Here is the eagerly anticipated new novel from a brilliant writer whose last book, Good to a Fault, was shortlisted for the prestigious Giller Prize and won the Commonwealth Prize for Canada and the Caribbean.
The Little Shadows revolves around three sisters in the world of vaudeville before and during the First World War. We follow the lives of all three in turn: Aurora, the eldest and most beautiful, who is sixteen when the book opens; thoughtful Clover, a year younger; and the youngest sister, joyous headstrong sprite Bella, who is thirteen. The girls, overseen by their fond but barely coping Mama, are forced to make their living as a singing act after the untimely death of their father. They begin with little besides youth and hope, but Marina Endicott’s genius is to show how the three girls slowly and steadily evolve into true artists even as they navigate their way to adulthood among a cast of extraordinary characters – some of them charming charlatans, some of them unpredictable eccentrics, and some of them just ordinary-seeming humans with magical gifts.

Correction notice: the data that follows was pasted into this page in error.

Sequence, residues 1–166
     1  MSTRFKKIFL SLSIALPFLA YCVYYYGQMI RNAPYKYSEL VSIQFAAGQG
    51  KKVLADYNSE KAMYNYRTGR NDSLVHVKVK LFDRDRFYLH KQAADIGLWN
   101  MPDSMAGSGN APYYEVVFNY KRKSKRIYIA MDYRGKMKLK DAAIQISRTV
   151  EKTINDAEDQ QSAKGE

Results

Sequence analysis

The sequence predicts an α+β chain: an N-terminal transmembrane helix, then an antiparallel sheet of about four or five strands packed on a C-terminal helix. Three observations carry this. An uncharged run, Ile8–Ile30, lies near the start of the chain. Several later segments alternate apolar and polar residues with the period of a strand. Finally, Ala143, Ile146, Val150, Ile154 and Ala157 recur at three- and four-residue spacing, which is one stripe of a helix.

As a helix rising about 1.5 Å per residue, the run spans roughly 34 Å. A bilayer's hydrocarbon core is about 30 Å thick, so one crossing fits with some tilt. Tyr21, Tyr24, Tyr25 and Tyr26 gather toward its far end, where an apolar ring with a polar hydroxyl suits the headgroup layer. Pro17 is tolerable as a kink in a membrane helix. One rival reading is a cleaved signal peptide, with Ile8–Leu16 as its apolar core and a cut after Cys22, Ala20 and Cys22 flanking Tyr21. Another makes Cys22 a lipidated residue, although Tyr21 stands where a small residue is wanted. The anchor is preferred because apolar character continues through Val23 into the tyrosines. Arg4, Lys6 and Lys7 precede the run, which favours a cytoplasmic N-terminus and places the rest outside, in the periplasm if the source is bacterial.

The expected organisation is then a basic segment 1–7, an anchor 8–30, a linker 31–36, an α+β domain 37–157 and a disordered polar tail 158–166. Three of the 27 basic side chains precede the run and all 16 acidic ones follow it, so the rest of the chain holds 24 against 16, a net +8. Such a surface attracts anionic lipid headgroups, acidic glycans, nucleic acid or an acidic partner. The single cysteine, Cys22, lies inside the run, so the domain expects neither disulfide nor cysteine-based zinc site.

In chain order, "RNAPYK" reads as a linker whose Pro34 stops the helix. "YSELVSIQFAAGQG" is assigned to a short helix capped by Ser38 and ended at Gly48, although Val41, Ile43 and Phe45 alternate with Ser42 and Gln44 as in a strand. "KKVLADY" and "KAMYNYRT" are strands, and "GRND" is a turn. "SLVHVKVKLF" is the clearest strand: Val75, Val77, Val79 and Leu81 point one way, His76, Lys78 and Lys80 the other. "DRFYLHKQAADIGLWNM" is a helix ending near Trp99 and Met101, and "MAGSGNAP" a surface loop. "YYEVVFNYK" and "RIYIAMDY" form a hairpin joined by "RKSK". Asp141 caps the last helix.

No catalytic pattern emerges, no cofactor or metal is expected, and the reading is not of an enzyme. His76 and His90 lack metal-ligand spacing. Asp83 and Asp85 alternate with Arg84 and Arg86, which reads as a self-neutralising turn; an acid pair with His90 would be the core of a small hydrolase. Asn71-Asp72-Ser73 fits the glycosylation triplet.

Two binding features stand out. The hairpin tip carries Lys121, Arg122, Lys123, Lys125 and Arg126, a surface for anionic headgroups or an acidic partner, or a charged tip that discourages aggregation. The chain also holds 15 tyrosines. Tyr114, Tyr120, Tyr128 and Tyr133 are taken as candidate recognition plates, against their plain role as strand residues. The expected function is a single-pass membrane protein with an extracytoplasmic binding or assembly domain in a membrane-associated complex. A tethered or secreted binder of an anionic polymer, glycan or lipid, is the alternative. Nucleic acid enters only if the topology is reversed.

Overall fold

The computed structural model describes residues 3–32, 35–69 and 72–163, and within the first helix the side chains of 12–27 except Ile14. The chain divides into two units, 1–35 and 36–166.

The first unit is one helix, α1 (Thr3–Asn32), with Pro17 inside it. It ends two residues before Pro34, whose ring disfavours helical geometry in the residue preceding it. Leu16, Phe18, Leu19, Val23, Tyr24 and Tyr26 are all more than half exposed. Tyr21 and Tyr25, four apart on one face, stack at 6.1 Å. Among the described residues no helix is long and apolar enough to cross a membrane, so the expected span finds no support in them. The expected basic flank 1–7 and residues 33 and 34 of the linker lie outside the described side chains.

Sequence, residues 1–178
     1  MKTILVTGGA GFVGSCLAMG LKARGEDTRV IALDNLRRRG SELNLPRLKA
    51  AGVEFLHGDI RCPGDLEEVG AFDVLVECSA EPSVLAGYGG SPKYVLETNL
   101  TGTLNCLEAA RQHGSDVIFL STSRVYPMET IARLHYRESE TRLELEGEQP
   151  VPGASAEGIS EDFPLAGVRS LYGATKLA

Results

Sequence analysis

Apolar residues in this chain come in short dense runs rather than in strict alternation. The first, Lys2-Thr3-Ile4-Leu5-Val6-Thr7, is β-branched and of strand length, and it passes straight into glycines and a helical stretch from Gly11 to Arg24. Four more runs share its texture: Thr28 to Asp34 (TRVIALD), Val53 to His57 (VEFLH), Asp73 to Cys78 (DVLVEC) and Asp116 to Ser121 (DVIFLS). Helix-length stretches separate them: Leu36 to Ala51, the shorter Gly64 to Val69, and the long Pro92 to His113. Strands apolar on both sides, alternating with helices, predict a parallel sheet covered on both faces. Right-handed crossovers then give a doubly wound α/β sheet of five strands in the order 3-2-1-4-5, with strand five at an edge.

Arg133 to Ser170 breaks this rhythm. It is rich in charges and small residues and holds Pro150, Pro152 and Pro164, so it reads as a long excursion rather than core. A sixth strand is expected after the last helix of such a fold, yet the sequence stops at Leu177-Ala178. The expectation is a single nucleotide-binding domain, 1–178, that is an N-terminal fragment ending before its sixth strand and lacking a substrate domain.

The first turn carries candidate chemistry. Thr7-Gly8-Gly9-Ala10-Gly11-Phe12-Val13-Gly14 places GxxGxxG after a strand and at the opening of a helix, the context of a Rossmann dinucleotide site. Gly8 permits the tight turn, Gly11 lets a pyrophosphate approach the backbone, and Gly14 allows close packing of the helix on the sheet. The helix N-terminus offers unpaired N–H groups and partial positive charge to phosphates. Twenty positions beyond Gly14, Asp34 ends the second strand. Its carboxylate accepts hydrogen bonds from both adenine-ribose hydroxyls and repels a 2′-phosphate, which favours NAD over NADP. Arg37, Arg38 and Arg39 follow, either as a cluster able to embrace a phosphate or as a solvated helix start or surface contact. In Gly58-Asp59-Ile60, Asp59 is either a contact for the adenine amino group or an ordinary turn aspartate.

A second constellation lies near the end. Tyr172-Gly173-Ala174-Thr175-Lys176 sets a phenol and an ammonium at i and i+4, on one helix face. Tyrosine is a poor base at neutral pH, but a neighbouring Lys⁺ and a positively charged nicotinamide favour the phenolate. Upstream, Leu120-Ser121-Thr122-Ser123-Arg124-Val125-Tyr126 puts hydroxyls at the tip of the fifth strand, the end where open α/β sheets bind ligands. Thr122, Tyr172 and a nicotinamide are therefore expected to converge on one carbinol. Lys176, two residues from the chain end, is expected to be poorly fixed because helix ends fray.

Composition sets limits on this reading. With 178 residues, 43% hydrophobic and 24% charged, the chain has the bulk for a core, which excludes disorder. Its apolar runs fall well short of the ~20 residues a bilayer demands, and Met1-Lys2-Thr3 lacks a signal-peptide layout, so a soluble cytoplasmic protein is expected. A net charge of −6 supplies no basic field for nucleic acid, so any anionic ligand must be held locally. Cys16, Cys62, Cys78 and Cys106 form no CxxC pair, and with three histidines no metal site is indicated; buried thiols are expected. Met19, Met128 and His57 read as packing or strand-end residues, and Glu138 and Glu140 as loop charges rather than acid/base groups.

Using her gorgeous prose and extraordinary insight, Endicott lures us onto the brightly lit stage and then into the little shadows that lurk behind the curtain, and reveals how the art of vaudeville -- in all its variety, madness, melodrama, hilarity and sorrow -- echoes the art of life itself.
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The Little Shadows
A beautiful and powerful book about girls becoming women, about family, love, and how life and art are inextricably entwined. Set in the early years of the 20th century, the book follows the story of three sisters and their mother as they attempt to make a living on the vaudeville circuit. I found this book both entertaining and profoundly moving, and I highly recommend it